And the pace never lets up as police detectives Beatrice Kaspary and Florin Wenninger become involved in solving a series of increasingly confusing murders. First is the body of a woman who fell from a cliff who turns out to have GPS coordinates tattooed on the soles of her feet.

When the detectives trace the spot of these coordinates, they find a severed hand and more taunts that lead them to yet another site and more body parts. It soon becomes clear they are on the trail of a murderer who is using the sport of geocaching in a far more sinister way than usual.

The clues they are given are frustrating and obtuse, sometimes leading to a witness who then disappears, and all the time the two detectives feel the killer is playing with them. Then he starts to leave Beatrice text messages on her phone and the tension, never abated, ratchets up.

This is a clever and well-plotted mystery with the puzzle at its heart that grabs you and doesn’t let go. That the detectives are compelling figures adds to the mix. Let’s hope this is the first of a series from Archer. Auntie M will be lining up to read the next translation.

Tony Lee Moral: Playing Mrs. Kingston Sunday, Jan 11 2015 

Please welcome Tony Lee Moral, who will describe the genesis of his new mystery, Playing Mrs. Kingston:

PMKCover

How Alfred Hitchcock can influence Your Novel Writing by Tony Lee Moral

Alfred Hitchcock has been a huge influence on my life, ever since I saw my first Hitchcock film, I Confess, at the age of 10 years old. I was immediately struck by the moral ambiguity of the film and the conflicted viewpoint of the central character, a priest, played by Montgomery Clift. Since then I’ve written three books on Hitchcock, the Master of Suspense. Two books are on the making of specific films, The Birds and Marnie, which were made in the early 1960s and have a close production history; and a more general book called Alfred Hitchcock’s Movie Making Masterclass, which is about all of his films, for aspiring screenwriters and film makers.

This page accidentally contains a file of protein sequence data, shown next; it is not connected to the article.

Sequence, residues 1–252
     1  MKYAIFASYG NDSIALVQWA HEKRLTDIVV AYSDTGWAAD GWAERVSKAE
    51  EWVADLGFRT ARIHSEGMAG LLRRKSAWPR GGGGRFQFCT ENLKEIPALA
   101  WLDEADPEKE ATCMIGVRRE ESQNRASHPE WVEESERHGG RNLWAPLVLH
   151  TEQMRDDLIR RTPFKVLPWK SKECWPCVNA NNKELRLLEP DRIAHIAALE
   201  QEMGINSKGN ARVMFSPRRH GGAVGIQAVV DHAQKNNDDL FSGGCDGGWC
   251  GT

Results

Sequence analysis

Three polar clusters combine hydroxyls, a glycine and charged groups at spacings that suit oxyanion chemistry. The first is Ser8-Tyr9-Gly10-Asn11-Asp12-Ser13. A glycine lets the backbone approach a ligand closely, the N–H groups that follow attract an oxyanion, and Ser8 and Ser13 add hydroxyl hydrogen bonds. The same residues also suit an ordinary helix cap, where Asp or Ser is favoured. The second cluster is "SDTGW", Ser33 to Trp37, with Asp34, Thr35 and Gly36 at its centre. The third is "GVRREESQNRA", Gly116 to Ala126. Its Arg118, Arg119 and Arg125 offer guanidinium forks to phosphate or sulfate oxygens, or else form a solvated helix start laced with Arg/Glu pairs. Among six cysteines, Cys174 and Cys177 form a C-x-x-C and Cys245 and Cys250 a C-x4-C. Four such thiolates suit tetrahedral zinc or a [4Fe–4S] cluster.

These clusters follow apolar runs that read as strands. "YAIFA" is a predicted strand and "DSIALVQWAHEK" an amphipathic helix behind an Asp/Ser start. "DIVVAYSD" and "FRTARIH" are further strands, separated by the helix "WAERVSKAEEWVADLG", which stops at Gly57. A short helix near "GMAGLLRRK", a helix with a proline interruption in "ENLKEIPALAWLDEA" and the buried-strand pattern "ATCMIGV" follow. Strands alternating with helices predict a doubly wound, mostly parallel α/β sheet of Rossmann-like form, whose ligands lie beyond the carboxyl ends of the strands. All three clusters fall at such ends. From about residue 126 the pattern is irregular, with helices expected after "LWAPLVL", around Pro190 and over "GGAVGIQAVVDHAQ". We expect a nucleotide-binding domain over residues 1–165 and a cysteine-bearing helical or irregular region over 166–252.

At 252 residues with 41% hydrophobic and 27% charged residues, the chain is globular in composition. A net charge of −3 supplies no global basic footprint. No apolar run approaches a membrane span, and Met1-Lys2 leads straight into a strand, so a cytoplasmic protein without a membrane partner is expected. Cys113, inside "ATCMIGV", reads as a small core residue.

So when writing my murder mystery novel Playing Mrs. Kingston, I was immediately drawn to the Hitchcockian principles of suspense and characterization. The central character, Catriona Kingston, takes after many a Hitchcock blonde, particularly Grace Kelly, Ingrid Bergman and Eva Marie Saint. She is feisty, determined, action oriented, duplicitous and mysterious. The duel identifies she plays, both Catriona and Catherine, is reminiscent of Kim Novak’s character in Vertigo. Her boyfriend, Mario Montefiore, a saxophonist at the the Stork Club, was inspired by Henry Fonda’s character in The Wrong Man, who himself was based on the real life Manny Balestrero, wrongfully accused of a series of robberies in 1950s New York, the same time period in which my novel is set.

Hitchcock often spoke about the MacGuffin in his films, a key plot device that drives the story. The MacGuffin is the engine that propels the plot. It is the object around which the plot revolves and motivates the actions of the characters. In North by Northwest, the MacGuffin is the roll of microfilm in the pre-Columbian statue, which both Cary Grant, the hero, and James Mason, the villain, are after. In Playing Mrs. Kingston, the MacGuffin is the stolen Caravaggio painting, which Catriona’s arch enemy so desperately wants. But the real story is about Catriona and Mario, and finding out who the killer is. But in having a MacGuffin in my novel, the stolen painting, it drove the plot forward, and motivated the characters, especially in the second half of the book, when all seemed lost.

Good writing is subtext, reading between the lines, rather than on the nose dialogue. Much of the dialogue in Hitchcock’s best screenplays, such as Notorious, Rear Window and North by Northwest, have layers of meaning. Good dialogue should be full of conflict between the chracters and have a natural rhythm that’s easily spoken, like a verbal sparring game that resembles the epic tennis match in Strangers on a Train until someone scores a point. The writing between Catriona and Detective Radcliffe is like a cat and mouse game, with Catriona trying to stay a few steps ahead of the Detective who is chasing the real Catriona Benedict, while she is in disguise as Catherine Kingston.